THE first speech aids to predict words and phrases according to individual conversations could help people with complex disabilities break out of social isolation, it is claimed.

Computer-based voice output communication aids (Vocas) use word prediction to speed up typing for users with a range of medical conditions.

The systems are similar to those used for texting and emailing on mobile phones and tablets.

However, Voca users such as Professor Stephen Hawking can face “extremely slow” communication speeds, making face to face conversation “very difficult”.

The systems can currently generate between two and 15 words per minute – 10 times slower than the speech rate of people without impaired communication.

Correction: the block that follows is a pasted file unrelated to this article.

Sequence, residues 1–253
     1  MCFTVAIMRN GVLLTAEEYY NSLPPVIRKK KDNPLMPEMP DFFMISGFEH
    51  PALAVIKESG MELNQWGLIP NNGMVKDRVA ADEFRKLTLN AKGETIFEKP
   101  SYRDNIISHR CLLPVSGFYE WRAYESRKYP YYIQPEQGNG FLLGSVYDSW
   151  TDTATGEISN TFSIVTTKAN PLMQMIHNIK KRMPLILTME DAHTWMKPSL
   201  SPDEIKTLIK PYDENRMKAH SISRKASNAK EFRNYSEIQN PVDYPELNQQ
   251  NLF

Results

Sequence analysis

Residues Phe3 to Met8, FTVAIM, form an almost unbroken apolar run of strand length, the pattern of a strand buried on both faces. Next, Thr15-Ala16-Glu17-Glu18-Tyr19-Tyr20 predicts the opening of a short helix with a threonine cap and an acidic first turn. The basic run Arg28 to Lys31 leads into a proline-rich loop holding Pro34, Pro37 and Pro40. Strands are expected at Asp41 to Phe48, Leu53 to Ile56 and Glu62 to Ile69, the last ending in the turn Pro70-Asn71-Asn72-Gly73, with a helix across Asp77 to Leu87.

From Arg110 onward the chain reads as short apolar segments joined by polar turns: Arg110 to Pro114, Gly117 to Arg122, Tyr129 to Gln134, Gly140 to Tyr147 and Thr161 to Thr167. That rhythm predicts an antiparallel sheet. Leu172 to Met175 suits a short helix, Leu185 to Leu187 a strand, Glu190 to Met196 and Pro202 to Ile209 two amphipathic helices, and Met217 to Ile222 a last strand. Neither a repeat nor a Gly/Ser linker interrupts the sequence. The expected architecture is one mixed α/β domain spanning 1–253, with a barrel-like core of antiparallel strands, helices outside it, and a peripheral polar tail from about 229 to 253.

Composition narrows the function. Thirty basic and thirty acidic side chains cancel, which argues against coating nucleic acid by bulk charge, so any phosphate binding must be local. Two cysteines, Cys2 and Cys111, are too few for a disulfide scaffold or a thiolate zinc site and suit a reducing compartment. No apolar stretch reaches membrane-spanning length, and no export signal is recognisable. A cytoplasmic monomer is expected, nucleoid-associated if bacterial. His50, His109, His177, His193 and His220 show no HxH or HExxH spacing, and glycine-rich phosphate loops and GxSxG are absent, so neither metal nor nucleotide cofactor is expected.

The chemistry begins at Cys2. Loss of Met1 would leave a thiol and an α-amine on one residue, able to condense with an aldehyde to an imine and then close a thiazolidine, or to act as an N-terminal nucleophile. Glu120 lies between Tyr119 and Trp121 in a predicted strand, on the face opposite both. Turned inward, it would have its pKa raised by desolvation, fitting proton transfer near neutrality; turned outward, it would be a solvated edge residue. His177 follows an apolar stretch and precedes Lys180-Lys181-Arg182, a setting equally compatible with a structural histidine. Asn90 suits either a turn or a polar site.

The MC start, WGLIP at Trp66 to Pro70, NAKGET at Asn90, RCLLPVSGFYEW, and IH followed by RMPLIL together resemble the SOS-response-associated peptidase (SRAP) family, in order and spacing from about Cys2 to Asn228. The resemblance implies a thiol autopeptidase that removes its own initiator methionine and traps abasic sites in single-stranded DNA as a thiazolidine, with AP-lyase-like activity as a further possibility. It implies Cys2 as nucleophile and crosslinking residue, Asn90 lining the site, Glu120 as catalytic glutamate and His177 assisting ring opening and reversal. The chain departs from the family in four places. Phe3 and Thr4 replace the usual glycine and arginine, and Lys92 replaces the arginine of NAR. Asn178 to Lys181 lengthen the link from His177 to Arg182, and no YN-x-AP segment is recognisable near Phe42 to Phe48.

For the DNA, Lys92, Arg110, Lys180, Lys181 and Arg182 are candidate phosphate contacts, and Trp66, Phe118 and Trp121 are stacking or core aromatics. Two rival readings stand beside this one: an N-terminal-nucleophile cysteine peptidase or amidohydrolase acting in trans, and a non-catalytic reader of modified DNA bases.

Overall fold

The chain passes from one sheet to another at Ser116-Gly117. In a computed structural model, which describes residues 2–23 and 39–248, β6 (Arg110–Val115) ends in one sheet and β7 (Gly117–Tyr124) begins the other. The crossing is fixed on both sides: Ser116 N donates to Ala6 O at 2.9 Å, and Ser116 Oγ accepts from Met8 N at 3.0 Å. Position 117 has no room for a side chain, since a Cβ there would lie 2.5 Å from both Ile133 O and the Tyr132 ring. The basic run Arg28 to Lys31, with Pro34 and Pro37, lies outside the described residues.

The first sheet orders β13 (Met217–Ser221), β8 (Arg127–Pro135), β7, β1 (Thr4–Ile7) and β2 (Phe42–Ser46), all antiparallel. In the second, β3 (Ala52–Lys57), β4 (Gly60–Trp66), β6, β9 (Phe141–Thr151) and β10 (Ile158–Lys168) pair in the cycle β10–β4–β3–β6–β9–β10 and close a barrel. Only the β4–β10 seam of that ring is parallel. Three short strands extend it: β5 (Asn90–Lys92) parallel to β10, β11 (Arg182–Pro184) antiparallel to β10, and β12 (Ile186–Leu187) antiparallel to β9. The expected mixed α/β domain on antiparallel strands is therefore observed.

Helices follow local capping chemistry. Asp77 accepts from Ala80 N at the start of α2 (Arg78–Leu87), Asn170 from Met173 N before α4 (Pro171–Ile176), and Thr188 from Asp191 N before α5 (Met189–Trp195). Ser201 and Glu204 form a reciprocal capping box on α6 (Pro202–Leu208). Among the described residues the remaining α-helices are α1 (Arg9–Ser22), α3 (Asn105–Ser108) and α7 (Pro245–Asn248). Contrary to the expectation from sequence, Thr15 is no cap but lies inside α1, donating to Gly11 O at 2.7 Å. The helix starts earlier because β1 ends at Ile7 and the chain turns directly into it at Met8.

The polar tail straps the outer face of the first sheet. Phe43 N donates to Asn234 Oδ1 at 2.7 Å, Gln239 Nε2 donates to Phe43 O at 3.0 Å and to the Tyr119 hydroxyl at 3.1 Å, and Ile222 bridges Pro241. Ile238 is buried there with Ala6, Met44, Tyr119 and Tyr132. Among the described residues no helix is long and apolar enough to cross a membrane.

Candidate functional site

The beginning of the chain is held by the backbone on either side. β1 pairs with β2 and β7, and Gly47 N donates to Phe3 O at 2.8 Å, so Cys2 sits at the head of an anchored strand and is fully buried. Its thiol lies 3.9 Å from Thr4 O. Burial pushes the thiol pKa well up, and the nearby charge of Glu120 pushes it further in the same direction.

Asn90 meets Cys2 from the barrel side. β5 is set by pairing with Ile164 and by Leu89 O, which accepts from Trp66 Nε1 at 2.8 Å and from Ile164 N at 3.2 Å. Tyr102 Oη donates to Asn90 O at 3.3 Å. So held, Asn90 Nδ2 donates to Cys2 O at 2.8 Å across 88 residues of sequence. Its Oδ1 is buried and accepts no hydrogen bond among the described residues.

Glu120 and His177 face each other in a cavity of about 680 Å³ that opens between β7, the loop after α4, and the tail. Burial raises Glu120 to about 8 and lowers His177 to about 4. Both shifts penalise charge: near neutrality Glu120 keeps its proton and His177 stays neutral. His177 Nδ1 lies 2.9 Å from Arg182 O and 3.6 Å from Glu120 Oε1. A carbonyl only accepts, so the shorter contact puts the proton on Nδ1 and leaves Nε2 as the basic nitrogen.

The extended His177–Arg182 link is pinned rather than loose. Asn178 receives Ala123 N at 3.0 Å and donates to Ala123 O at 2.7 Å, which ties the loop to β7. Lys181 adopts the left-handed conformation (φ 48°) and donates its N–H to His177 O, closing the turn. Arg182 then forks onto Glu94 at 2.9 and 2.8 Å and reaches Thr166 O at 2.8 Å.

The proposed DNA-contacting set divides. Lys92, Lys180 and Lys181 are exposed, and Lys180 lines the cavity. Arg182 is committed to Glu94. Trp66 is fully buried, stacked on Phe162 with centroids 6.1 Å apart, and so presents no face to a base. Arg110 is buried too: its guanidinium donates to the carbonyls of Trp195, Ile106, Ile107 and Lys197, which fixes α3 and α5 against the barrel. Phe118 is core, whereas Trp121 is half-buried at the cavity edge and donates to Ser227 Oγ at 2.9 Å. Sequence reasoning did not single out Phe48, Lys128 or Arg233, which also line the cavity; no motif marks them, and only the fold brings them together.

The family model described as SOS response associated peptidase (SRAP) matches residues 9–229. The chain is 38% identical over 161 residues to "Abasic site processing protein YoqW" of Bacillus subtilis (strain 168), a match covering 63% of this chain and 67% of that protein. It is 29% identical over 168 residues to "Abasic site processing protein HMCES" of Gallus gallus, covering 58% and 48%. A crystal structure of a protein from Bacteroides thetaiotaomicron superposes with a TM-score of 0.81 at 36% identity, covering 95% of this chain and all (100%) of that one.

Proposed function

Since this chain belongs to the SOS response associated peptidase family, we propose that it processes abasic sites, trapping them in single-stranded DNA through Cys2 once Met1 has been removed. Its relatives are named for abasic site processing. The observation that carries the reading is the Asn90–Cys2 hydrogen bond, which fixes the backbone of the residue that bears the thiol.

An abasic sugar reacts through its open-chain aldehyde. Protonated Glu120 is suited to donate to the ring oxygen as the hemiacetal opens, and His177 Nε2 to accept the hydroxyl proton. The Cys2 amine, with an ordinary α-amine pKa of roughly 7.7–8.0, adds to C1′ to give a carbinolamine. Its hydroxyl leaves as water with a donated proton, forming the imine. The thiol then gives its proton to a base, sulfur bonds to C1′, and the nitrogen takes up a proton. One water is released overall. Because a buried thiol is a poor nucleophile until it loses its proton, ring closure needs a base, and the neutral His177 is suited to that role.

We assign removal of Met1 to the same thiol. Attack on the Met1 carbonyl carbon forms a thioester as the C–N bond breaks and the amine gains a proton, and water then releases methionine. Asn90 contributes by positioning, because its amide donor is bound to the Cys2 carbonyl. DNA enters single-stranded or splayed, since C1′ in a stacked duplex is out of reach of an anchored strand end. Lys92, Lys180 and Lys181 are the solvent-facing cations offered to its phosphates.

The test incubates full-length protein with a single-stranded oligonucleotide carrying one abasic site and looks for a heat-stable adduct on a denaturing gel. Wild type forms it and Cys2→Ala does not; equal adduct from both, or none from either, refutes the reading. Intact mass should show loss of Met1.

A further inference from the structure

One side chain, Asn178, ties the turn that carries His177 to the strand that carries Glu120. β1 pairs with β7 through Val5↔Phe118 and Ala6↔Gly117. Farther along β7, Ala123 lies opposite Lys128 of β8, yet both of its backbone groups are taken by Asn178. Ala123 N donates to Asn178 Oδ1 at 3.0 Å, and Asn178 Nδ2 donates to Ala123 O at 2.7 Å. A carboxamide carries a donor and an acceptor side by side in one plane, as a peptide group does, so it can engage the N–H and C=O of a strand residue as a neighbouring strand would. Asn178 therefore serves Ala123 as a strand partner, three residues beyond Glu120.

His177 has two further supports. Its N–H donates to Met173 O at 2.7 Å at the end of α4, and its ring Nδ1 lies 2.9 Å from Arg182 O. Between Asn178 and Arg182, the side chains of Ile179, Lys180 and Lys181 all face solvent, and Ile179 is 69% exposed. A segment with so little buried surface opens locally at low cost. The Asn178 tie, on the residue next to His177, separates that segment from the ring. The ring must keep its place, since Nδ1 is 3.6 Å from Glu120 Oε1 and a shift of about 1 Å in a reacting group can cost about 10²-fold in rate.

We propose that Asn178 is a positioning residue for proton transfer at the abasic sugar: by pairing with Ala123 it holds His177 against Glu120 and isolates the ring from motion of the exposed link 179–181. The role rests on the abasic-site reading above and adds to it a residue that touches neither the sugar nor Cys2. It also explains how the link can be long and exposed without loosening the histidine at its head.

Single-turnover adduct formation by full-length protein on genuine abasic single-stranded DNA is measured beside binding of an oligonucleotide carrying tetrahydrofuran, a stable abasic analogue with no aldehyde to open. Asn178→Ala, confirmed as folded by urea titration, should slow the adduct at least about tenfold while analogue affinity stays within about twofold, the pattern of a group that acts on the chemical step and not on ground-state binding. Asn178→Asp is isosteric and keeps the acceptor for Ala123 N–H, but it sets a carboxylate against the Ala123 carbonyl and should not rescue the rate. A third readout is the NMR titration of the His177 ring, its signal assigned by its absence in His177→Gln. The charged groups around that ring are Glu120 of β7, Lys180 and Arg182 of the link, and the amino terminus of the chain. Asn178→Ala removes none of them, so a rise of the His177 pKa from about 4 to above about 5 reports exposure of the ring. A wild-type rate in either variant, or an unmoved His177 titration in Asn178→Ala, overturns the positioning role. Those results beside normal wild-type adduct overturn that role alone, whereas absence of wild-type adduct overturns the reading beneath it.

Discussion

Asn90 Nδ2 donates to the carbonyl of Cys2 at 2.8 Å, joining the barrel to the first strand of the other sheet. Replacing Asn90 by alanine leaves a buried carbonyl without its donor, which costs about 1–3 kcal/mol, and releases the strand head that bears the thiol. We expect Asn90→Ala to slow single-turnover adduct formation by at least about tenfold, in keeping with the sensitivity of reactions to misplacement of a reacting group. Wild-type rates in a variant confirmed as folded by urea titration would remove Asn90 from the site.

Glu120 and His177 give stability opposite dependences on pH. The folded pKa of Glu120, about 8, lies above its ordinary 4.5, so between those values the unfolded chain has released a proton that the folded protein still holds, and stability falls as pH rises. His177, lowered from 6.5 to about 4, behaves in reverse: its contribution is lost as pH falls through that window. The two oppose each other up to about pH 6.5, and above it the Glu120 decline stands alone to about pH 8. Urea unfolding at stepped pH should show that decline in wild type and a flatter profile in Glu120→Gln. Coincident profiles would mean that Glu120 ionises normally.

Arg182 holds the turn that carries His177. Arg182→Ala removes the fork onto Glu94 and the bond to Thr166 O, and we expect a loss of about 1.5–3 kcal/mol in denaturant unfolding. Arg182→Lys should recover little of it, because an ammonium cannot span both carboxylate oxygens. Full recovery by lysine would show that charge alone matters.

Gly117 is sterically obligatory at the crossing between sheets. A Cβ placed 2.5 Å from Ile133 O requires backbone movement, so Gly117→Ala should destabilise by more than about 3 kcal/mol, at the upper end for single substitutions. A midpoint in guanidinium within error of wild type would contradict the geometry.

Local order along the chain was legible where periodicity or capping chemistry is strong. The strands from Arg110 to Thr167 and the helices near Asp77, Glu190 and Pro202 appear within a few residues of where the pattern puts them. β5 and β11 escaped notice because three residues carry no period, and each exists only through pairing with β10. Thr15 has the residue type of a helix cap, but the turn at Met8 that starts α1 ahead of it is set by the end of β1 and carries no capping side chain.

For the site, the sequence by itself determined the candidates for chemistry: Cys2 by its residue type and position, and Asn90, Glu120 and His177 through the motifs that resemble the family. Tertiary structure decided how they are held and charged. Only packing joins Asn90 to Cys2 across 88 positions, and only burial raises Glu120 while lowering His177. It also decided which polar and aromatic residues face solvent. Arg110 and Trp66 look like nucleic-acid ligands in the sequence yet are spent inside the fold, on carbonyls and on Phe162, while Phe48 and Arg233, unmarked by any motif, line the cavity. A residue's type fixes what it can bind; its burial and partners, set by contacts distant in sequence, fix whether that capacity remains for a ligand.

It is thought that more than 250,000 people in the UK are at risk of isolation through an inability to speak.

Now experts at Dundee and Cambridge universities aim to develop the first Voca system capable of assisting extended conversation by predicting words, phrases and narrative elements according to the content of an ongoing conversation in a new £1 million project.

Rolf Black of Dundee University said: “Despite four decades of Voca development, users seldom go beyond basic needs-based utterances as communication rates remain, at best, 10 times slower than natural speech.

“This makes conversation almost impossible and is immensely frustrating for both the user and the listener.

“We want to improve that situation considerably by developing new systems which go far beyond word prediction.

“This does not mean that the computer will speak for a person.

“It will be more like a companion who, being familiar with aspects of your life and experiences, has some idea of what you might choose to say in a certain situation.”